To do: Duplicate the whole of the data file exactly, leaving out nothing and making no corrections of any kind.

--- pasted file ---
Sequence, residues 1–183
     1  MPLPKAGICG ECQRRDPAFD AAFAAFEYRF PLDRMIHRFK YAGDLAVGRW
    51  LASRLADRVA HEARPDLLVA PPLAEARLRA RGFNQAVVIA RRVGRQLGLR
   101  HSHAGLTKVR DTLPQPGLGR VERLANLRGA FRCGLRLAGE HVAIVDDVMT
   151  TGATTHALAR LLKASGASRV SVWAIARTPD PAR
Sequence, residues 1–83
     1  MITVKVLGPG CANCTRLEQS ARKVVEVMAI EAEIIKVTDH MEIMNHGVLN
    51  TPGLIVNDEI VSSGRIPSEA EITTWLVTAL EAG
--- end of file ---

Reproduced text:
Sequence, residues 1–183
     1  MPLPKAGICG ECQRRDPAFD AAFAAFEYRF PLDRMIHRFK YAGDLAVGRW
    51  LASRLADRVA HEARPDLLVA PPLAEARLRA RGFNQAVVIA RRVGRQLGLR
   101  HSHAGLTKVR DTLPQPGLGR VERLANLRGA FRCGLRLAGE HVAIVDDVMT
   151  TGATTHALAR LLKASGASRV SVWAIARTPD PAR
Sequence, residues 1–83
     1  MITVKVLGPG CANCTRLEQS ARKVVEVMAI EAEIIKVTDH MEIMNHGVLN
    51  TPGLIVNDEI VSSGRIPSEA EITTWLVTAL EAG